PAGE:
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Comparative functional proteomics of MAP Kinase signalling in Magnaporthe oryzae
Thesis or dissertation
University of Exeter
Rice blast disease is caused by the heterothallic ascomycete fungus Magnaporthe oryzae and is one of the most severe diseases of cultivated rice throughout the world. The PMK1 (Pathogenicity Mitogen-activated protein Kinase) gene in M. oryzae has been identified to play diverse roles during pathogenesis-related development. PMK1 regulates appressorium formation and infectious hyphal growth. PMK1 is functionally related to Saccharomyces cerevisiae FUS3 and KSS1 MAPK genes which regulate the transcription factor Ste12. The STE12 homologue in M. oryzae, MST12, has also been identified and is known to be essential for appressorium mediated penetration and infectious growth. These observations imply that Pmk1 regulates a diverse set of targets important in both the initiation of appressorium development and the subsequent stages of invasive growth. In addition, the Mst12 transcription factor may function downstream of Pmk1 to regulate genes involved in appressorial penetration and infectious hyphal growth. We have used a comparative proteomic study between Guy11 (isogenic wild type), ∆mst12 and ∆pmk1 mutants to understand which genes are induced during appressorium formation and may be regulated by Mst12 and Pmk1. We carried out two-dimensional gel electrophoresis with proteins extracted from conidia that had germinated on a hydrophobic surface after 6h, 12h, 16h and 24h of incubation. M. oryzae underwent major changes in protein abundance and expression during the first 6 hours of spore germination in Guy11 which suggested that much of protein synthesis associated with appressorium morphogenesis and virulence occurs precociously during conidium germination on rice leaf surface. More than 394 differentially expressed proteins during conidium germination and appressorium formation have been identified by mass spectrometry. We confirmed many proteins already known as determinants of pathogenicity in M. oryzae such as enzymes involved in melanin biosynthesis or fatty acid β-oxidation. However, we also identified proteins absent or lowly induced in the Δpmk1 and Δmst12 mutants involved in cell wall reorganisation, secondary metabolism, lipid metabolism, photomorphogenesis or found as proteins of unknown functions. We generated 28 targeted gene deletion mutants to test the putative function of proteins predicted by proteomics analysis to be associated with appressorium development. We obtained 7 mutants showing a significant reduction in virulence and confirmed importance of regulated proteolysis during appressorium development but also elucidated new processes involved in infection such as the phosphoinositide pathway and three proteins of unknown function.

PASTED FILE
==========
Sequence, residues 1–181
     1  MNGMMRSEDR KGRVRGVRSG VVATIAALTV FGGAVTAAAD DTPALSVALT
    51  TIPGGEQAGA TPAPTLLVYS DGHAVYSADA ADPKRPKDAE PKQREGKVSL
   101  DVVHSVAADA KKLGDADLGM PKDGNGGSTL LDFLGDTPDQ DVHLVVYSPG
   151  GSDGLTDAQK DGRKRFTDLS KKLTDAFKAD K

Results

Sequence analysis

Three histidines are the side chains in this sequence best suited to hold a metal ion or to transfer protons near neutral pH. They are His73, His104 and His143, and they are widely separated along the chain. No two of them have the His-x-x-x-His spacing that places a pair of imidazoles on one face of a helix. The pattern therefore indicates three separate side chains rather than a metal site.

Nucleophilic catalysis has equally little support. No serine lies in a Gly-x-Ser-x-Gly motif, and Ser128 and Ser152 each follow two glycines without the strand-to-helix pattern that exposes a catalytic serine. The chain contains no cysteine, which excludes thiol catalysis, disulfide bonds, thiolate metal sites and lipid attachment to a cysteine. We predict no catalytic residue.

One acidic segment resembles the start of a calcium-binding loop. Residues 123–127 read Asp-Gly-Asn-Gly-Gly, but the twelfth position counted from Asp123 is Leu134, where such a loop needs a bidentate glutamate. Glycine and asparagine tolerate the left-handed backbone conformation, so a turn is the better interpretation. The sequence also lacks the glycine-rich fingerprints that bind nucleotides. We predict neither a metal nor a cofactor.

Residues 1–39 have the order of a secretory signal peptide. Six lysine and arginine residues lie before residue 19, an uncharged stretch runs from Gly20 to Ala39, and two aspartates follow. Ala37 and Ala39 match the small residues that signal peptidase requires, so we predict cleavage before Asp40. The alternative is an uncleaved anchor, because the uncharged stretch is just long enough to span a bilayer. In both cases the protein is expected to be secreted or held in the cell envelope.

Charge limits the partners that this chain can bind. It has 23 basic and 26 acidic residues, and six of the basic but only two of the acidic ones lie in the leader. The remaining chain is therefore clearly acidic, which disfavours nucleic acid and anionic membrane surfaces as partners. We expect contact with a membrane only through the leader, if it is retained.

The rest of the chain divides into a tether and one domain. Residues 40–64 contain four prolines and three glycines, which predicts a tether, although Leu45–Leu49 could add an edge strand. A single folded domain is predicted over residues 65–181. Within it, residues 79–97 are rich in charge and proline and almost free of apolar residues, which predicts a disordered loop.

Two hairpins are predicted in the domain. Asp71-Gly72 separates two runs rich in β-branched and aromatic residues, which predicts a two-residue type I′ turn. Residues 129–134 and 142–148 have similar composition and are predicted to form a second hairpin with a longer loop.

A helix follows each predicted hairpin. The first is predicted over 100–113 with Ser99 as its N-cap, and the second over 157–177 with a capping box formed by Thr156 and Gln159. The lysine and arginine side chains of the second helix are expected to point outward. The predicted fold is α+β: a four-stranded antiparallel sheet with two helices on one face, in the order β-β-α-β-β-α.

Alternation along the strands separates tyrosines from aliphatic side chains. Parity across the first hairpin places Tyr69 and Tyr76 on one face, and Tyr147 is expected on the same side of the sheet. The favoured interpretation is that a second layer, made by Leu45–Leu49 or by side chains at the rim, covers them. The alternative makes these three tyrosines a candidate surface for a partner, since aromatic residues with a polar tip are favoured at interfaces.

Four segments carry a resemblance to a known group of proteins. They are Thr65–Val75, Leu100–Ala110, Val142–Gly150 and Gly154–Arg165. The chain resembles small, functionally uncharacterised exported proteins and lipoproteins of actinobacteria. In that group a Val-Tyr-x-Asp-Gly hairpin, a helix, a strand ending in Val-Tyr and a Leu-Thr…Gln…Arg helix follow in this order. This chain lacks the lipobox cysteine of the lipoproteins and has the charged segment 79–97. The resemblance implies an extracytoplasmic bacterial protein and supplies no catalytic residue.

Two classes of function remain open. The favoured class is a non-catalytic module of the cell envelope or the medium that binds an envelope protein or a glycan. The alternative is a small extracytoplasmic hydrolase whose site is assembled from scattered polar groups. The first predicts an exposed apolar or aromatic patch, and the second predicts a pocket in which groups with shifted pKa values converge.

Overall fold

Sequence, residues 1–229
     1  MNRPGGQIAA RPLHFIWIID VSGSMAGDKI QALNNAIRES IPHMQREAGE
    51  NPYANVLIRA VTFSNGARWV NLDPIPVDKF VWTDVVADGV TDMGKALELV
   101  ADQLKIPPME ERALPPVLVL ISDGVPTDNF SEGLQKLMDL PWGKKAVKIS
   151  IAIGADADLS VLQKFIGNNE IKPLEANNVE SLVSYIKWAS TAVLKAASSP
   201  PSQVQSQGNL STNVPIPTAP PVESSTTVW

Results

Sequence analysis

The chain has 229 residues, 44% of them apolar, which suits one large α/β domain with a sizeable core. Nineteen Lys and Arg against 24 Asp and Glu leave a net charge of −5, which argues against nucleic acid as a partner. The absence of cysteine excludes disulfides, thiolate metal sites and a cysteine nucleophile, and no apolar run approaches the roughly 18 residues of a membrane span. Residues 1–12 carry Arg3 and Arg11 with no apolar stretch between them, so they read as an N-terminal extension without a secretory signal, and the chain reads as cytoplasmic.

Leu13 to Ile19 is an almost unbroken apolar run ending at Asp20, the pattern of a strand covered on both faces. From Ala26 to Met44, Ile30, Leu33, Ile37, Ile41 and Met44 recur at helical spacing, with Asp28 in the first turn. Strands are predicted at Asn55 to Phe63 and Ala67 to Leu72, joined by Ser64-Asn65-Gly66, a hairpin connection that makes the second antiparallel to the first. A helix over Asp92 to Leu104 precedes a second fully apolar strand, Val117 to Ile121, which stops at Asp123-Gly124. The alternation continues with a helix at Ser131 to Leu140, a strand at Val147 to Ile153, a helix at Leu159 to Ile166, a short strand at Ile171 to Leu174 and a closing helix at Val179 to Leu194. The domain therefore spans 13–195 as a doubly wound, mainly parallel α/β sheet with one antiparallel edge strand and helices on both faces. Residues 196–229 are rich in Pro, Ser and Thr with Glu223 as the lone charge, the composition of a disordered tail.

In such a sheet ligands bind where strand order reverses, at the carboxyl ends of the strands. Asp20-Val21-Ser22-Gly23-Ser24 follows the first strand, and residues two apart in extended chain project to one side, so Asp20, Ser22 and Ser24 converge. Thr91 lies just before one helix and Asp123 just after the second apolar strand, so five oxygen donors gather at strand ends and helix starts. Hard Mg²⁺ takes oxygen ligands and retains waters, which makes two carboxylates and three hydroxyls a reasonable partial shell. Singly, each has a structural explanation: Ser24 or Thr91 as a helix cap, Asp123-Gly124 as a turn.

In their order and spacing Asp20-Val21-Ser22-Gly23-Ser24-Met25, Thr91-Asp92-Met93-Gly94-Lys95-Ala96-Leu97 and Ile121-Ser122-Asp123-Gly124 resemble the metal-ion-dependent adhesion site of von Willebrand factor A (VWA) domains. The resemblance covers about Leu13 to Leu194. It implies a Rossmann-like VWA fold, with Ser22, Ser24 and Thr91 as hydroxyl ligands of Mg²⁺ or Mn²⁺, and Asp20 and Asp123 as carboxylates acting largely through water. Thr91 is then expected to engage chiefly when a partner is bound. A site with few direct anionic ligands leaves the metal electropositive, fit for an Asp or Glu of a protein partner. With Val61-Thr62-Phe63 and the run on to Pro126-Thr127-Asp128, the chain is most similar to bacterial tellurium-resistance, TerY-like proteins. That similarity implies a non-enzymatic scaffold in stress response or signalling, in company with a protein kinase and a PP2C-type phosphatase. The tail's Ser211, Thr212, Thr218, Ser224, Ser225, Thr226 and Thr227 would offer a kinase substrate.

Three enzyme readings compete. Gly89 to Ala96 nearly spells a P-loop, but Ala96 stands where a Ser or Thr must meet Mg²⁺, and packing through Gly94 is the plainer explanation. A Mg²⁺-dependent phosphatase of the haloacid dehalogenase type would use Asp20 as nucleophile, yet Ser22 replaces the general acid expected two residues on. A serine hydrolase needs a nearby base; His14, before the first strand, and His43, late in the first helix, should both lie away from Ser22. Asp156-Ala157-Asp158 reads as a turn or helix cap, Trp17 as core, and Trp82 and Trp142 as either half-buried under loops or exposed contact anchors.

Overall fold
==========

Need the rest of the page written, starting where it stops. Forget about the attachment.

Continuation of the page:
Talbot, Nicholas J.
PhD in Biological Sciences